Having dealt with the unbundling of reward from effort and investment, we then set about establishing better governance processes. For the last eight years, we have had a non-major shareholder director who also took on the role of chair. My reporting to a chair, who in turn reported to me as CEO, didn’t work well. I had hoped it would, but it didn’t. At that point, we appointed our first independent chair, Rebecca Thomas, who retired this year to focus on her main business, Mint Asset Management, a couple of large board positions, and her family. In the meantime, Nigel Scott, who I have known for a while and am in business with elsewhere, left Hobson Wealth and took a desk in our office. He got to know our team, and they him. He sat in on our corporate finance team and then progressively took up roles mentoring and growing a few team members. Thus, when Rebecca signalled a wish to retire around twelve months ago, a seamless induction occurred, and Nigel was appointed our new independent chair last month.

A few years ago, Marion Garlic retired, and we all agreed she could retain her shares until they were needed for future ESOP issues to the team. We had our first non-working team member as a shareholder! In the meantime, three years ago, I handed over the running of GS finances to Yi Ping, and she took up the title of CFO. We also outsourced the COO role to Bill Bain, who grew his successor in Amy Street. At the same time, Joshna and Richard focused on building the corporate finance and tax teams and international connectivity through AGN, our global network. Joshna had the hardest gig, as I reported to her in the corporate finance team, and she had to learn some useful skills to make that work. But we made it work.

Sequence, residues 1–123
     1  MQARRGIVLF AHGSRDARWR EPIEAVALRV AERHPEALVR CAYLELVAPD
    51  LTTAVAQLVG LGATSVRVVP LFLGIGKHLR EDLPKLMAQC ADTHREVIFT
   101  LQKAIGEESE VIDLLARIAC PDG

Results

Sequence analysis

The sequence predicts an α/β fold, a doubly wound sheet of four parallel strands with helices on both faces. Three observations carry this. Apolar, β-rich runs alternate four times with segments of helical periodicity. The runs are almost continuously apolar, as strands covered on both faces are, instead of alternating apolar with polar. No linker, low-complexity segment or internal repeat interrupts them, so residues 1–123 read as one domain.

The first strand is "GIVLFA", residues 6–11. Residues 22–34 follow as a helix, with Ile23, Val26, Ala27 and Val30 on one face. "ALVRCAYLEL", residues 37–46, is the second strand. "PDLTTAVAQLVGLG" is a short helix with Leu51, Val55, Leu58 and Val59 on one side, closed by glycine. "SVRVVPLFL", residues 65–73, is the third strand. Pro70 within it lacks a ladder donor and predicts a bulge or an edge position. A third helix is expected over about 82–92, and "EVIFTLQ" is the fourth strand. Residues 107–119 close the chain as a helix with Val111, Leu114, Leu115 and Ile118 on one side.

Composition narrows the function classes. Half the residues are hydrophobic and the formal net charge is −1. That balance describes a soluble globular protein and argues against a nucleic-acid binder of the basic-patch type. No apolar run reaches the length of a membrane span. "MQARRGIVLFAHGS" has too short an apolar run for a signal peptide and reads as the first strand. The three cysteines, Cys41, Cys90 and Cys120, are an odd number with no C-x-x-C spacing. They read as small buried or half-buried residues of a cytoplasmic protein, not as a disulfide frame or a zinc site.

I thought I was clever, laying the groundwork for my own departure as leader. I hoped to create something that my family could, if they wanted to, continue to own after my death or exit from the business. I also wanted to create the ‘challenge culture’ necessary to be true problem solvers and creatives, so that I could stay on for a while when we handed over leadership to one of the four viable candidates. Guess what? They knew exactly what I was doing and chose not to call me out. So nice of them, really! I guessed that if we could pull this off over time, everyone would have the option to retain ownership, pursue whatever they wanted, and continue to work in some role after passing their own torches on.